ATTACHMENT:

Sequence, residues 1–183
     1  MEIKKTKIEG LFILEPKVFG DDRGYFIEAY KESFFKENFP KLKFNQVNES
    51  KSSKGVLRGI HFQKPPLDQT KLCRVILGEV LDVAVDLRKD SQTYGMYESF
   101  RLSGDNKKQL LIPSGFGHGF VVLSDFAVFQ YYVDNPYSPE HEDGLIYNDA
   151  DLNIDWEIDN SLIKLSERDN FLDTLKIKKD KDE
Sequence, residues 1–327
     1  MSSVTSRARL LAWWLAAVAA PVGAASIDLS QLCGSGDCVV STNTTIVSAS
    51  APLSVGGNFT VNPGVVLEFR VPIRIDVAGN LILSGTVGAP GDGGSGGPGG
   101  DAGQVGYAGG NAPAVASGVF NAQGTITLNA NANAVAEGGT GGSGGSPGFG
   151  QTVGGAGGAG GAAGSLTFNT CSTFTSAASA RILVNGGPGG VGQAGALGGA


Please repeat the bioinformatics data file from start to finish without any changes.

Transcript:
Sequence, residues 1–183
     1  MEIKKTKIEG LFILEPKVFG DDRGYFIEAY KESFFKENFP KLKFNQVNES
    51  KSSKGVLRGI HFQKPPLDQT KLCRVILGEV LDVAVDLRKD SQTYGMYESF
   101  RLSGDNKKQL LIPSGFGHGF VVLSDFAVFQ YYVDNPYSPE HEDGLIYNDA
   151  DLNIDWEIDN SLIKLSERDN FLDTLKIKKD KDE
Sequence, residues 1–327
     1  MSSVTSRARL LAWWLAAVAA PVGAASIDLS QLCGSGDCVV STNTTIVSAS
    51  APLSVGGNFT VNPGVVLEFR VPIRIDVAGN LILSGTVGAP GDGGSGGPGG
   101  DAGQVGYAGG NAPAVASGVF NAQGTITLNA NANAVAEGGT GGSGGSPGFG
   151  QTVGGAGGAG GAAGSLTFNT CSTFTSAASA RILVNGGPGG VGQAGALGGA